Jack Harris was a Phoenix cop for nearly 40 years who rose through the ranks to take the helm for six years. He spent a few decades in "motors," patrolling the mean streets on his trusty motorcycle before landing as a top administrator for his agency. A likable and straight-talking fellow, Harris retired as "police chief" for about a minute, and then was rehired as "public safety director." That enabled him to collect hefty pension benefits and a substantial salary. But things went south after Harris got crossways with the increasingly politicized police union, which successfully demonized him as "pro"-illegal immigration and other such nonsense. The union and other Harris haters won the day after a bizarre flap over kidnapping statistics, and the chief got the boot just one day after publicly telling his enemies, "Anyone who wants these stars can come and get them!" They did. But they didn't get his pension — actually, quite lucrative pensions. Harris is in line in about a year to start getting a second check for his long tenure. We should be so lucky to get canned.

Best Underground Escape Route for the Mayor of Phoenix

Tunnel under City Hall

Phoenix City Hall
Get this. An underground tunnel runs beneath Phoenix City Hall, connecting City Hall with other city buildings, including the Calvin Goode Building on the south side of Washington Street. Accessed by a freight elevator, the passage is used by city workers tending to underground equipment. But in a pinch, it's also regarded as an emergency escape for the mayor during a security threat — or to evade pesky reporters camped outside the Mayor's Office, waiting to ask questions after a particularly contentious city council meeting. While we're at it, we'll tell you about another nifty escape route for the mayor: a set of interior stairs that connects the 11th and the 12th floors of City Hall. To get away from someone on the 11th floor, easily slip upstairs, effectively avoiding the public elevators on the 11th floor, and hop into the 12th-floor elevators. Don't worry, the elevators won't make a stop on the 11th floor. Once inside, a special pass waved in front of the elevator panel engages a nonstop ride straight to a secured parking garage beneath City Hall reserved for top city officials.To see an illustrated map of the mayor's escape route, visit www.phoenixnewtimes.com/best of2011.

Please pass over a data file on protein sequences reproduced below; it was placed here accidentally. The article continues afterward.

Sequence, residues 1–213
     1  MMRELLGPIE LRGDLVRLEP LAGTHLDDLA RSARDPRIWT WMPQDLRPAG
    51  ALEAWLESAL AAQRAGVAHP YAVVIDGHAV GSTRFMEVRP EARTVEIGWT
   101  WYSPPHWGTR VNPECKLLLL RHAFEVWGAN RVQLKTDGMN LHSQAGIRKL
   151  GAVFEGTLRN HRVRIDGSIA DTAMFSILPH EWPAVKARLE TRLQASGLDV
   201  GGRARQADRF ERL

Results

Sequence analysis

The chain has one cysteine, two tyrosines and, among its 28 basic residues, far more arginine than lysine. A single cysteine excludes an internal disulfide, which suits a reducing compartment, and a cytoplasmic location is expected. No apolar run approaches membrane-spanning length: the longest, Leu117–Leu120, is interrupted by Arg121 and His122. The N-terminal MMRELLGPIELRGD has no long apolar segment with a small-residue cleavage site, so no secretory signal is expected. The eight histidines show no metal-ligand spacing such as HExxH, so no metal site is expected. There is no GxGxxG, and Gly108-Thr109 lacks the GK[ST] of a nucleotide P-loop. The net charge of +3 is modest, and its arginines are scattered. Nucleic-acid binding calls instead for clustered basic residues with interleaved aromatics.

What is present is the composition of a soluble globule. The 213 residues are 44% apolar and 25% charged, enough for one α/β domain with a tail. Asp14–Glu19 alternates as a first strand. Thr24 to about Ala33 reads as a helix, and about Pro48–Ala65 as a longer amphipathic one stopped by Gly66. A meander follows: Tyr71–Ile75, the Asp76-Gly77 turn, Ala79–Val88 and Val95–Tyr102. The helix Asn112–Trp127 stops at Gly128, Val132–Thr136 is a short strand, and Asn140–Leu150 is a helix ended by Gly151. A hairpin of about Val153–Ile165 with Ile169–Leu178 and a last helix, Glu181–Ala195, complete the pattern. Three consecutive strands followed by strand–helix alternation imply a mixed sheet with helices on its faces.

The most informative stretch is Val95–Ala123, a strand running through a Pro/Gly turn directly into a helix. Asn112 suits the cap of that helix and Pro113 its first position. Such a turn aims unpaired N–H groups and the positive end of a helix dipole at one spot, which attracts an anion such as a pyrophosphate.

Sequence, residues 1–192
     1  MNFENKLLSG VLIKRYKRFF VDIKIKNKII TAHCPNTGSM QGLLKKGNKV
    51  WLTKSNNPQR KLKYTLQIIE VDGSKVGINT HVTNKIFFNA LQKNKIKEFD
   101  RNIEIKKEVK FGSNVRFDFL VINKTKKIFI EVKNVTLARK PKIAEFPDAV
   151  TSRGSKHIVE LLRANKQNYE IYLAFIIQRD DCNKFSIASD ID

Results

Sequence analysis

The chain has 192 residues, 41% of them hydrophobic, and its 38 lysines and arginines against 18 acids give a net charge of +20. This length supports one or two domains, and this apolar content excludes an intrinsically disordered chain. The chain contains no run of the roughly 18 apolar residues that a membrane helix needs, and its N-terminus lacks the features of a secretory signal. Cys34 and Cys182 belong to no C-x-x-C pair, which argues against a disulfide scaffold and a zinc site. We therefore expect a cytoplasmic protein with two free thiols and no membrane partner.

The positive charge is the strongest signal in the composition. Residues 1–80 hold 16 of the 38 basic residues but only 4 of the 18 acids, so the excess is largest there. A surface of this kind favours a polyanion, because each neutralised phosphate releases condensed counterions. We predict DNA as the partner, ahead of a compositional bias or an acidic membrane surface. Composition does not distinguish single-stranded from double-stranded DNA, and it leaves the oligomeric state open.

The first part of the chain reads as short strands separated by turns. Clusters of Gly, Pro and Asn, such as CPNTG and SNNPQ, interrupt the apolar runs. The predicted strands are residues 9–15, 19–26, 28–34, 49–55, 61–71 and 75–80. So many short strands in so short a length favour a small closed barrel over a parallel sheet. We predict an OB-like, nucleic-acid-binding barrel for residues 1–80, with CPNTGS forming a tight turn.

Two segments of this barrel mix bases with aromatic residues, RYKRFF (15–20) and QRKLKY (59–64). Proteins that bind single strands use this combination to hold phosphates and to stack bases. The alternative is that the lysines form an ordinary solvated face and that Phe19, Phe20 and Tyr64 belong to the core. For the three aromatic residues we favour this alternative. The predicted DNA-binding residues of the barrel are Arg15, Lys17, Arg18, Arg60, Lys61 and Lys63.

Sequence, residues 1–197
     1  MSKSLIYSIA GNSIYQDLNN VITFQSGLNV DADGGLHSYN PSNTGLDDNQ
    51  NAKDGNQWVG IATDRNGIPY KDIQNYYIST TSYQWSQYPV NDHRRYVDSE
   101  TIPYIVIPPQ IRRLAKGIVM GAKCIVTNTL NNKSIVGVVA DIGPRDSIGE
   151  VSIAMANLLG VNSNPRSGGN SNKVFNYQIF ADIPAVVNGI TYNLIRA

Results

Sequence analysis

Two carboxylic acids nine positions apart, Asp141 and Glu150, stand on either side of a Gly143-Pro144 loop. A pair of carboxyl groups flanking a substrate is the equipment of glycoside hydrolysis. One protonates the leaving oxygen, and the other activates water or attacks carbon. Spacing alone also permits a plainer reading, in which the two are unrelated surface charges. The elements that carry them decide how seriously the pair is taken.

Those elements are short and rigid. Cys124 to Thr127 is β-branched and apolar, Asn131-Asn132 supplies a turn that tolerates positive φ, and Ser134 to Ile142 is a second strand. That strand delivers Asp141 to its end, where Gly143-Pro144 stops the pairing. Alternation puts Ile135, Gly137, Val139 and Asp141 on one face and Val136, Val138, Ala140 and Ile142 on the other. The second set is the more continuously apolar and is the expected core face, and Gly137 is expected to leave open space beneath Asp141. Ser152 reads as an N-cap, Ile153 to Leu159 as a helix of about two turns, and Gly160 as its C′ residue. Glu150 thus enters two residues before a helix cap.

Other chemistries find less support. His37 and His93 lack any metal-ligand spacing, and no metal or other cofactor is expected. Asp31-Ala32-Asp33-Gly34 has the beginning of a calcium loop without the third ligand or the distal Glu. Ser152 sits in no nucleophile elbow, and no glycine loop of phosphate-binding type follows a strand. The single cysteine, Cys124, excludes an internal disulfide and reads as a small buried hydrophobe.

Even when it's not 115 degrees out, we like to head underground to our favorite secret subversive hideaway, where we can relish the big-city vibe of an underground tunnel while also enjoying live music and public art, besides. And even though the Camelback Pedestrian Underpass isn't exactly a secret (it would be hard to hide a much-publicized passageway that runs under Camelback Road and connects two of the city's most popular dining and shopping destinations), we can't help feeling kind of like we're in on a special alternative-universe version of Phoenix, where we're watching a free performance in an underground subway station.Completed in 2007, this glorious, 86-foot-long pedestrian underpass just east of 24th Street on Camelback provides safe passage for people moving from, say, the condominiums and office park at Esplanade Center to the shops and restaurants at Biltmore Fashion Park. Seen from the street, the underpass looks like a bump in the road with nice xeriscaping on either side. Down below you'll find decorative pavement, lush landscaping, and rubberized asphalt to minimize noise and increase proper air circulation. But the real secret to the well-lit tunnel's success is its otherness: We feel as if we've wandered onto the platform of an especially glamorous subway stop, where we always linger to read the pamphlets being passed out by a city-wise political activist or enjoy the music of one of the several musicians who perform there from time to time. We gaze at the lovely terrazzo mosaic and pretend we're in the big city, where one can go briefly underground, only to emerge at the other end having enjoyed getting to where we're going.